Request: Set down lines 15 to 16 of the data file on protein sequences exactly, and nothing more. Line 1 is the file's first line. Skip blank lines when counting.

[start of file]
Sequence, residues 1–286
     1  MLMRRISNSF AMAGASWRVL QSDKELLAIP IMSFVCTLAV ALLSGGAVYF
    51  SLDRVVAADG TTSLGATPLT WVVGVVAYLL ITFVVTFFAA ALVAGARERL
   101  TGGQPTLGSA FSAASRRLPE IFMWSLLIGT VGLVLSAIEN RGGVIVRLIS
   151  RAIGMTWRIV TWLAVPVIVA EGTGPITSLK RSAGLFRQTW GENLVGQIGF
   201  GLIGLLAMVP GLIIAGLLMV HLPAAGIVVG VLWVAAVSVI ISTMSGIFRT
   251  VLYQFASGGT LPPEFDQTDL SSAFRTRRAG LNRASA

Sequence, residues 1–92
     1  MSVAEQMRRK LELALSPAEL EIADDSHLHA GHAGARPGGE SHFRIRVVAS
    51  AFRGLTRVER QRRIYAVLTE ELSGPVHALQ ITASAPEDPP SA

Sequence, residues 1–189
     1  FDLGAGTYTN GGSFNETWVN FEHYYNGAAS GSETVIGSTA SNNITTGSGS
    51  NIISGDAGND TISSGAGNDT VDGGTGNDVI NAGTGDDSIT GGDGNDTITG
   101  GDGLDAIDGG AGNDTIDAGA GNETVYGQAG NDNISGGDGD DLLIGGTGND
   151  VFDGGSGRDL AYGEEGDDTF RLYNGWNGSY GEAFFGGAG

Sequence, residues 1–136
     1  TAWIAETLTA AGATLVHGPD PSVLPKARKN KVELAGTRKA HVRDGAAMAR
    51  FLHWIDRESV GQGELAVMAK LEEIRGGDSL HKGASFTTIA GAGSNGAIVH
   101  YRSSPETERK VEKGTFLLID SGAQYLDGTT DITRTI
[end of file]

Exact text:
   151  VFDGGSGRDL AYGEEGDDTF RLYNGWNGSY GEAFFGGAG

Sequence, residues 1–136